New: Christians and Food Waste: Slowing Down and Savoring God’s Gifts
(Originally published in Presbyterians Today, July/August 2019, 8.)
My grandmother was a farm wife during the dust bowl of the Depression. For the rest of her life, she was meticulous about not wasting food. She wouldn’t use a vegetable peeler on potatoes or carrots because she could remove less peel using a knife.
One of the first kitchen tools my mother taught me to use was a rubber scraper. She learned from her mother how to get every morsel of food out of a bowl, pan or jar.
I have seven rubber scrapers in a large jar beside my stove, so I can use the right one for each food container. I save and reuse even small amounts of leftovers, and I study our fridge frequently to make sure we are eating everything before it goes bad. I am so grateful Seattle has city-wide composting. The food I do need to throw away is transformed into rich compost with little effort on my part and a big benefit to Seattle’s landfill.
My motivation lies primarily in the precious and finite resources used to grow and transport food. My meticulousness about food waste, inherited from my mother and grandmother, is a significant spiritual practice these days. Christians can see the challenge of food waste – so common in the news today – in the bigger picture of food as a gift from God and mealtimes as a way for people to gather.
A 2018 USDA study showed that Americans waste an average of a pound of food a day. According to EPA figures, food waste is the single largest component — 20.5 percent — of waste at U.S. landfills. Food that rots in landfills produces a significant amount of methane, a more powerful greenhouse gas than carbon dioxide, so food waste contributes significantly to climate change.
Dana Gunders, a food-waste expert for the Natural Resources Defense Council, recently authored the report, “Wasted: How America Is Losing Up to 40 Percent of its Food from Farm to Fork to Landfill.” She describes a chain of waste that begins the moment a seed is planted.
Gunders’s statistics are painful to read. Agriculture consumes 10 percent of the U.S. energy supply, 80 percent of all fresh water, and 50 percent of land resources, while leaving a residue of pesticides and other chemicals in the soil. And then we waste so much of it? In effect, we are choosing to load 40 percent of it on a truck, and drive it to a landfill using fossil fuel, where the decomposing food creates methane and further pollutes our precious earth.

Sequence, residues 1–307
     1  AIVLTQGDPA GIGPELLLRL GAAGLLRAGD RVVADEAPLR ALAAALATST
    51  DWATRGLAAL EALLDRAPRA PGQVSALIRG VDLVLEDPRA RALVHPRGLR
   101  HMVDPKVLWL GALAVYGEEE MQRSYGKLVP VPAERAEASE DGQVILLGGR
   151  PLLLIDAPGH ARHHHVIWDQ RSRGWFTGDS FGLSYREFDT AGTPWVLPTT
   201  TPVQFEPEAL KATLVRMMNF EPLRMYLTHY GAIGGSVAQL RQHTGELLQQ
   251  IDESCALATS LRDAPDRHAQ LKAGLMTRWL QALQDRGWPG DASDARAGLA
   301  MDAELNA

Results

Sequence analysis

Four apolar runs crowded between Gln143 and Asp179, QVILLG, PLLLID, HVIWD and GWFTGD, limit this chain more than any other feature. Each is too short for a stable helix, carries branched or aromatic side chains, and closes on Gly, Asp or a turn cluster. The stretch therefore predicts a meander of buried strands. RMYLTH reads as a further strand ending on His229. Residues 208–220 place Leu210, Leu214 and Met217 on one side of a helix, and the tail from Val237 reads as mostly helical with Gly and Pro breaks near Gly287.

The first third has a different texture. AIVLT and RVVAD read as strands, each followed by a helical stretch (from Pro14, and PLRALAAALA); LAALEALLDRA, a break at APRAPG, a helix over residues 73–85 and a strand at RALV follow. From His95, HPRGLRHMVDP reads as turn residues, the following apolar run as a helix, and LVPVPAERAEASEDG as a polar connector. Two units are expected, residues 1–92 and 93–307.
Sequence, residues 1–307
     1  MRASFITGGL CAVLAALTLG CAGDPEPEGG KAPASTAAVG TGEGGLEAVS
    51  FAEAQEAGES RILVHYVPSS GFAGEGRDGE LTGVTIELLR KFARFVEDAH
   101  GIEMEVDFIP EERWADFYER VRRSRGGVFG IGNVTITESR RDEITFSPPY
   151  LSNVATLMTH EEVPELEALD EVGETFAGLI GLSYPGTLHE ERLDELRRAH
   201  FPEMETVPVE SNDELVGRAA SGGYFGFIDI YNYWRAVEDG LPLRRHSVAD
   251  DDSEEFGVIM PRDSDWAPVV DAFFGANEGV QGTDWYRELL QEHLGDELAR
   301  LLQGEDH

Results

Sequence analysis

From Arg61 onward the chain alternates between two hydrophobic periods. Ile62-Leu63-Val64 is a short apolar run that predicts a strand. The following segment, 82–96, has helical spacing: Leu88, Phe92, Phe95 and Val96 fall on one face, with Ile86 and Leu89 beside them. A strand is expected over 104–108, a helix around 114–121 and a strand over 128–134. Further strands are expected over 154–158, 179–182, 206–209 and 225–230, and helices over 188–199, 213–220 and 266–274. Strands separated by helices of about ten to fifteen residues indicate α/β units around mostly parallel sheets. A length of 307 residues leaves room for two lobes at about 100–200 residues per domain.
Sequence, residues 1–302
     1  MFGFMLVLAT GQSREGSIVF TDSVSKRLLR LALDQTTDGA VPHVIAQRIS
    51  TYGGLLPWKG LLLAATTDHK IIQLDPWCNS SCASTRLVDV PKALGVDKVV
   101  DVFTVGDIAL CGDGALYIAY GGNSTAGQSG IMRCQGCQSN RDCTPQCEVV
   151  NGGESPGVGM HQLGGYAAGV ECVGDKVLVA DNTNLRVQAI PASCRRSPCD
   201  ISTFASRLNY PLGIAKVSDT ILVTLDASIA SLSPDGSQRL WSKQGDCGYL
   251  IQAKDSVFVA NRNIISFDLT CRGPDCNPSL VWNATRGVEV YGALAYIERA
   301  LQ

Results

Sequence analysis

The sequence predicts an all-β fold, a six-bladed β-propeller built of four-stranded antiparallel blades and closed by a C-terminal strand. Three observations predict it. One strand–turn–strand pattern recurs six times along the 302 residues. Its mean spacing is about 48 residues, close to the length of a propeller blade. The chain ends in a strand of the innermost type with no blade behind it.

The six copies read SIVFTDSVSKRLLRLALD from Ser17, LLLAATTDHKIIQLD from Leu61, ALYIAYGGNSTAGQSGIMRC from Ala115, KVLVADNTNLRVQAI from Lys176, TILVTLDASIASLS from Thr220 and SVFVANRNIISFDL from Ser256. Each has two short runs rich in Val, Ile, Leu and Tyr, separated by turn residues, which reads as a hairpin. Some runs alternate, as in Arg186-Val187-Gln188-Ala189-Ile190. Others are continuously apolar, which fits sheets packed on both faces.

Food is a significant theme in the Bible from beginning to end. Adam and Eve are invited to eat the fruit of all the trees in the garden except one (Gen 2:15-17), and heaven is portrayed as a banquet (Is 25:6). Jesus ate with the outcasts of his society (Mk 2:15, LK 15:1-2), and after the resurrection, he fixed fish for his disciples on a beach (Jn 21:1-14).
Psalm 104 presents a vivid picture God’s presence in the food chain. God is active in every aspect of the food we eat: soil, seeds, sun, rain, the growth of plants and fruit trees, and the birth and life of animals. God cares about the plants and the animals, as well as the people who plant, grow, harvest, ship and sell our food (Ps 36:6). Understanding God’s care for our food production process can motivate us to tread lightly as we consume food: conserving, composting, and sharing generously.
We know that God cares about the hungry (Is 58:10, Matt 25:34-40). One of the huge tragedies of food waste is that the earth produces enough food for everyone, yet some are hungry.
Others of us, of course, are the opposite of hungry. One of my strategies to avoid wasting food is to eat it. I was raised to clean up my plate, and I can’t seem to stop doing that. Yet I struggle to maintain a healthy weight. Am I sometimes wasting food by eating it?
And do we sometimes waste food by eating on the run? Many of us eat too quickly to savor each bite, to enjoy the complexity of flavor designed by our Creator and nurtured by farm workers. We eat alone, when Jesus enjoyed table fellowship.
For Christians, all the talk about food waste is a call to slow down and consider how to treat food as a precious gift from God – to be stewarded wisely, received gratefully, enjoyed in the company of others, and shared with the hungry.